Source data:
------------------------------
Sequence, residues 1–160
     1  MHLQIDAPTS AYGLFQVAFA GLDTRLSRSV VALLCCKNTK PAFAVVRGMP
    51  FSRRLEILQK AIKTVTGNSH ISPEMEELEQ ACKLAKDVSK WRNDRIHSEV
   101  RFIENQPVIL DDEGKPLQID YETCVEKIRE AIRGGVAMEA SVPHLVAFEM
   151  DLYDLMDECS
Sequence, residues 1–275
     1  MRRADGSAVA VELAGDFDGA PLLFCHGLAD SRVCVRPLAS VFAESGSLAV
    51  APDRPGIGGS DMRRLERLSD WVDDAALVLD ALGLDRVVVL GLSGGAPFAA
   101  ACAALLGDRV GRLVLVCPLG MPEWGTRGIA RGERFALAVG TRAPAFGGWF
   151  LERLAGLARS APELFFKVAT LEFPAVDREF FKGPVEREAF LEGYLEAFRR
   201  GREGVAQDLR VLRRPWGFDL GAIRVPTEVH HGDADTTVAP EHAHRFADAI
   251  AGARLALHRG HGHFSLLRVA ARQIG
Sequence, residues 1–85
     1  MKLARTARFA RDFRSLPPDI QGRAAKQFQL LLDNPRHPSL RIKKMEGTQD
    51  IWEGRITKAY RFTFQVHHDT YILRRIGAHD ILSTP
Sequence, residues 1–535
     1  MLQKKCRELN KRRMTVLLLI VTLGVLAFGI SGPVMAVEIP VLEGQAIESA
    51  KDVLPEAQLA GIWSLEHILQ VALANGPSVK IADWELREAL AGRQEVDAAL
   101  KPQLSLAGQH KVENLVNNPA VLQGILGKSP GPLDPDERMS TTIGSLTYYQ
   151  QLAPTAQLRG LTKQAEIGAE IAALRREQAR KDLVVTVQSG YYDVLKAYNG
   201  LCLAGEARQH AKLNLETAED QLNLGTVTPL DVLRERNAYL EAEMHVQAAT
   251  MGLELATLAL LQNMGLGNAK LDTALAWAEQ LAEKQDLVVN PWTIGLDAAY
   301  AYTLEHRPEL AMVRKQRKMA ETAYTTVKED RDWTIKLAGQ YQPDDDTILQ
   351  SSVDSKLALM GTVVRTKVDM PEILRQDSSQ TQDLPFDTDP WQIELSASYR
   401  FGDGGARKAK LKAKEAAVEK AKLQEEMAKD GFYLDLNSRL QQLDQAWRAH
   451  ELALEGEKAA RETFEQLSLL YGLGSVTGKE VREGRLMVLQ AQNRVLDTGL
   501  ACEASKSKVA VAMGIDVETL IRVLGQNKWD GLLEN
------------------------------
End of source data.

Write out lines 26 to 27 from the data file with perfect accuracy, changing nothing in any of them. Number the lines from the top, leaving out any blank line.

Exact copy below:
   451  ELALEGEKAA RETFEQLSLL YGLGSVTGKE VREGRLMVLQ AQNRVLDTGL
   501  ACEASKSKVA VAMGIDVETL IRVLGQNKWD GLLEN